David Woodward on the need for democratic principles at the IMF
May 28, 2011 1 Comment
IMF watchers have been following the drama of the selection process, Ministers are getting ready to decide which way to cast their vote, the pundits are ready to comment, but what about the other 6 billion + people who will be at the sharp end of decisions made by the new MD? In a response to the Guardian’s poll, long-time IMF campaigner David Woodward makes a compelling case for real democratic principles to be placed at the heart of the selection process. It’s worth quoting at length:
“…the only alternative [the Guardian poll] presents to the status quo is reform to “reflect the shift in global economic power towards emerging markets”.
As the Commission on Social Determinants of Health said,
“It is only through such a system of global governance, placing fairness in health at the heart of the development agenda and genuine equality of influence at the heart of its decision-making, that coherent attention to global health equity is possible.”
Nowhere is this more true than the IMF: it has virtually run the economies of much of the developing world (with serious adverse effects on health) for much of the last 30-35 years, while itself being run by the developed country governments, who have some 60% of the votes – four times their share either of population or of membership. The US, and the US alone, has a veto on all major policy decisions – including voting reform. The voting system was created in 1944, when only a handful of developing countries were members (most still being under colonial rule), they rarely borrowed from the Fund, and IMF lending did not carry any policy conditionality.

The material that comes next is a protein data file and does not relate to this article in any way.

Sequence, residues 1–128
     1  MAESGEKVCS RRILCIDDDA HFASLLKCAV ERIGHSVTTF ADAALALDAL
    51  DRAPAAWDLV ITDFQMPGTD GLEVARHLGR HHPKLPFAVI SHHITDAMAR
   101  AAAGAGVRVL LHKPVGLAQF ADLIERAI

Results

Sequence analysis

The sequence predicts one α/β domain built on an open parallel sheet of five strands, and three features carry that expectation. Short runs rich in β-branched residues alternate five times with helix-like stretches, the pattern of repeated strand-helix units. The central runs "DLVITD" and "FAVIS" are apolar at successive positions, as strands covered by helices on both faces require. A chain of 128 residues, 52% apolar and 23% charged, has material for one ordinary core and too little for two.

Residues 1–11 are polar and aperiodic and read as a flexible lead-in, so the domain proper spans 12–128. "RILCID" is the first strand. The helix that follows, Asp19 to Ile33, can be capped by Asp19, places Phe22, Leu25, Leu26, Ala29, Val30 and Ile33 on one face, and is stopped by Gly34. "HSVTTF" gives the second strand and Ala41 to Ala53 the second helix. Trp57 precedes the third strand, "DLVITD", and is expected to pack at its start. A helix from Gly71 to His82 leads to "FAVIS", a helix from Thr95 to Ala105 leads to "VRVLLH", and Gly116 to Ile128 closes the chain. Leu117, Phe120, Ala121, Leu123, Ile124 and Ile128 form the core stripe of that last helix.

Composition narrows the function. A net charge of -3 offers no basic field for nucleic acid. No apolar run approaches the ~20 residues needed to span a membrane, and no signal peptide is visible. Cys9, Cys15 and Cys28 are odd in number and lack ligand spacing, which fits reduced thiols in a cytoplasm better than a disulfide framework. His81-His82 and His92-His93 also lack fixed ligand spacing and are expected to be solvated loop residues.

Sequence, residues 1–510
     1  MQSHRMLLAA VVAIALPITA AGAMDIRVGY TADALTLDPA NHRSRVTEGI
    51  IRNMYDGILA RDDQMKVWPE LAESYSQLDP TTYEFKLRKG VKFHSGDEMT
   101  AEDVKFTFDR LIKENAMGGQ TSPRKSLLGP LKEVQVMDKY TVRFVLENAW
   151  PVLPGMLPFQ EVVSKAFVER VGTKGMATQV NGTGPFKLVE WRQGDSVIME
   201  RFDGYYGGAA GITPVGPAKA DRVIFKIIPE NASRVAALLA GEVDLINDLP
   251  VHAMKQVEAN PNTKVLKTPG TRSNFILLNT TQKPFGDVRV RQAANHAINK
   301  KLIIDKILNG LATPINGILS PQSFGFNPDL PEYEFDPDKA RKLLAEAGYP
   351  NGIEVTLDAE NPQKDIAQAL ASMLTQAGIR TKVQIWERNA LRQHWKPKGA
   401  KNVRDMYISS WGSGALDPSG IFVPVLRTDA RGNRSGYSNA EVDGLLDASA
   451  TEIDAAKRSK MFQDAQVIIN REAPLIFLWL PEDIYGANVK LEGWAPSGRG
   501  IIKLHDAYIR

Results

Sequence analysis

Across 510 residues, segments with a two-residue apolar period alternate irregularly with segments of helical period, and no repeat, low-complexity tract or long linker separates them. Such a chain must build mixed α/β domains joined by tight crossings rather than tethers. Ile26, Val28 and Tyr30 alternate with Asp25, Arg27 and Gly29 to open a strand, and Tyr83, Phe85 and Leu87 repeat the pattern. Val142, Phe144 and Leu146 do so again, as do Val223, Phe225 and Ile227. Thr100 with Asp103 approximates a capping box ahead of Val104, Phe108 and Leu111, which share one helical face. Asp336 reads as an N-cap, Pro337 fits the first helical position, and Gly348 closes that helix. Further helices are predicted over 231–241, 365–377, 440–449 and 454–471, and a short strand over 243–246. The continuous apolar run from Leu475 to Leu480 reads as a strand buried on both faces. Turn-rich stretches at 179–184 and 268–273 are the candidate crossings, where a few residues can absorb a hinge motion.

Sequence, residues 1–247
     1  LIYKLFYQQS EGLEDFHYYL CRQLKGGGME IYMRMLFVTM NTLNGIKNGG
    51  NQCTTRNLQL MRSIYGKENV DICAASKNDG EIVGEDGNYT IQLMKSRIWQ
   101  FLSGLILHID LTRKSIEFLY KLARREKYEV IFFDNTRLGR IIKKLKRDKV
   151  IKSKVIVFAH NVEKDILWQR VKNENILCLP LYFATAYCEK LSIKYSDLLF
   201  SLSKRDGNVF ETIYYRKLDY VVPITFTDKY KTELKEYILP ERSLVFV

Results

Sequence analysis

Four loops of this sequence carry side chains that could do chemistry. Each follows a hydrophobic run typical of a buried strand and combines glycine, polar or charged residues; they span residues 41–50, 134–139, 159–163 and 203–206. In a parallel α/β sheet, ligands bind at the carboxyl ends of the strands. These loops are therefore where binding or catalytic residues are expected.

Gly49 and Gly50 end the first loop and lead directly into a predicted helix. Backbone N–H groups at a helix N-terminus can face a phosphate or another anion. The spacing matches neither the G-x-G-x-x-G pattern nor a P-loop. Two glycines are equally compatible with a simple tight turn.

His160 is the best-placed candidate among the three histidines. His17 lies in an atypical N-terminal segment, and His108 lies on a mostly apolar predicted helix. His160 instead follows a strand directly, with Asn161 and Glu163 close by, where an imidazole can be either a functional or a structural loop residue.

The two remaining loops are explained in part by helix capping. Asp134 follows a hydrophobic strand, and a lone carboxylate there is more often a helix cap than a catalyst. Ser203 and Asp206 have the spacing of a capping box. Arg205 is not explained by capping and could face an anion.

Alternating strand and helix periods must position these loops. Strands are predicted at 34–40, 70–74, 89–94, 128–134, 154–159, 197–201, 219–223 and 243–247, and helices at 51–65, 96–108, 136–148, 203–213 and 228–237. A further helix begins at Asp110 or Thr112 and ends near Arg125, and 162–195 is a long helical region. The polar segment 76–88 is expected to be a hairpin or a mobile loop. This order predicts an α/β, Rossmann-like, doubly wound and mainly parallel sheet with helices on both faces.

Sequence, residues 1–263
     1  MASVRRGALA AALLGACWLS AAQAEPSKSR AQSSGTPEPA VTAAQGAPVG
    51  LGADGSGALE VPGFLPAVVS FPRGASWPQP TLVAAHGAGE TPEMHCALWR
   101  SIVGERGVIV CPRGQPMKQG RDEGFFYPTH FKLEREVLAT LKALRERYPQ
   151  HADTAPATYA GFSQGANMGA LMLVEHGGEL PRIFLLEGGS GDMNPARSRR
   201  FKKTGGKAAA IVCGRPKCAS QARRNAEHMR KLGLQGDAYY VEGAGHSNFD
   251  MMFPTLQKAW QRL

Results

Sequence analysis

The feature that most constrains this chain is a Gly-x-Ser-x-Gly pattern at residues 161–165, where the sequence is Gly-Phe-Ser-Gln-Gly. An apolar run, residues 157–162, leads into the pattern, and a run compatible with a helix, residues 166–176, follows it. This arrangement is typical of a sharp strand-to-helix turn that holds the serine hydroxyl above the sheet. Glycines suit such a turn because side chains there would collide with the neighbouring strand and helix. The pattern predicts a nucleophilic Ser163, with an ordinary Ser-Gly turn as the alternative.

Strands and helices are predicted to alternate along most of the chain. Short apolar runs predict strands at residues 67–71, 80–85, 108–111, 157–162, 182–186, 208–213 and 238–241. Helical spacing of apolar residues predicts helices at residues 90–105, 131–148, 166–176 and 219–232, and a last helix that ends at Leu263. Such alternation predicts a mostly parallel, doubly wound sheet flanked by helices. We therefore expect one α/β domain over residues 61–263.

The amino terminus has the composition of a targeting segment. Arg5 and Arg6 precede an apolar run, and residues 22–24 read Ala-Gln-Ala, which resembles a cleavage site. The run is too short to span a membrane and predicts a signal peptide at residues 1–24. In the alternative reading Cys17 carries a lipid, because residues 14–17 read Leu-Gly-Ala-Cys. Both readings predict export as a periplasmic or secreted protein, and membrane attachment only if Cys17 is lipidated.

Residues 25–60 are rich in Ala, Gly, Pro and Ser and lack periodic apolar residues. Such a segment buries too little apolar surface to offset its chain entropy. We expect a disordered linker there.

Of course the voting system is out of date. And most certainly, power needs to be shifted from the developed to the developing world. But shifting political power to those who are becoming economically powerful is a very long way from “genuine equality of influence”. It is not the emerging market economies which are most under-represented, but the “submerging markets” which have been critically damaged by decades of wrong policies imposed through the neo-colonial governance systems of the IMF and World Bank.
As I have argued before on The Guardian on-line , we would not consider a system like this for a moment at the national level – a system where rich people’s votes are weighted in proportion to their incomes. So why do we continue to put up with it at the global level? Why do Northern governments which proclaim their own democratic credentials continue to defend it? “
Pretty hard to argue with that.